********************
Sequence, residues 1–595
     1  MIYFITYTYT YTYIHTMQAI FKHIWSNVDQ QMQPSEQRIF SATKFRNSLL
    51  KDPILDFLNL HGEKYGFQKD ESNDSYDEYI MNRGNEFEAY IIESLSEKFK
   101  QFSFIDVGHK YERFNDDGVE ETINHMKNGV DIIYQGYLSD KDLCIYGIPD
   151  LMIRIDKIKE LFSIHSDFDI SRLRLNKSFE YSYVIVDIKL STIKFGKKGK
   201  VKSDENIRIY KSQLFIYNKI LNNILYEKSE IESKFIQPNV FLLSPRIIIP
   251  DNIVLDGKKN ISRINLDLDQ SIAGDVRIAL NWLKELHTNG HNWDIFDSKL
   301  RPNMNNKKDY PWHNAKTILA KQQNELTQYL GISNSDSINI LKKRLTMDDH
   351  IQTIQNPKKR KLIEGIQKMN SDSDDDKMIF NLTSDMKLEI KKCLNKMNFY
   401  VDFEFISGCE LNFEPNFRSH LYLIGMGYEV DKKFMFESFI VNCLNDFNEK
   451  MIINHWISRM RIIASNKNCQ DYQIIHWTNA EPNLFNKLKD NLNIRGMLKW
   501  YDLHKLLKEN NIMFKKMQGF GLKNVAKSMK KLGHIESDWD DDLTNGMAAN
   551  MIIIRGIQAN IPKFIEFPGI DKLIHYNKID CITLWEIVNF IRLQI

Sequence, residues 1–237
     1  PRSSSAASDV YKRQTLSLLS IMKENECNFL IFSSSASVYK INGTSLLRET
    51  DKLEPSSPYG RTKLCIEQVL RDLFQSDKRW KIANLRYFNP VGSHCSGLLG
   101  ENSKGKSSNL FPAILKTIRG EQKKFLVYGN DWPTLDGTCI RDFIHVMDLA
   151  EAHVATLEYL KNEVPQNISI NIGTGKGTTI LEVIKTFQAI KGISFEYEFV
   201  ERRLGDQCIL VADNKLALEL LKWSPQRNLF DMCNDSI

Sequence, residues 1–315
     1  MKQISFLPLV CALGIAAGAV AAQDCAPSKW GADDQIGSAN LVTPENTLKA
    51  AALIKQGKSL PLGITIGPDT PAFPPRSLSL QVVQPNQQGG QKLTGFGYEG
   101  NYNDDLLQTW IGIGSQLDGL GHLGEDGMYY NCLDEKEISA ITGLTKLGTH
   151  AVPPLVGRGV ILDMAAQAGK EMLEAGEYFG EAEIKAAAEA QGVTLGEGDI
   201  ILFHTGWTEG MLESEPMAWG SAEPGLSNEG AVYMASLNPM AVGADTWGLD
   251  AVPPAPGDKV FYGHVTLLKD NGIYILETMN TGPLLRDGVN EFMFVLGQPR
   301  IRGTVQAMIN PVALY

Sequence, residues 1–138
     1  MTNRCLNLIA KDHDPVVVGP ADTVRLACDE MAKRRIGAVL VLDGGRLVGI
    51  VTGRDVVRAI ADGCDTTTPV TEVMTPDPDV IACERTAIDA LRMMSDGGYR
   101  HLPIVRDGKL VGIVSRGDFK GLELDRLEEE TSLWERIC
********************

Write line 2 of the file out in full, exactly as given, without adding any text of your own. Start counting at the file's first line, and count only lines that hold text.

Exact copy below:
     1  MIYFITYTYT YTYIHTMQAI FKHIWSNVDQ QMQPSEQRIF SATKFRNSLL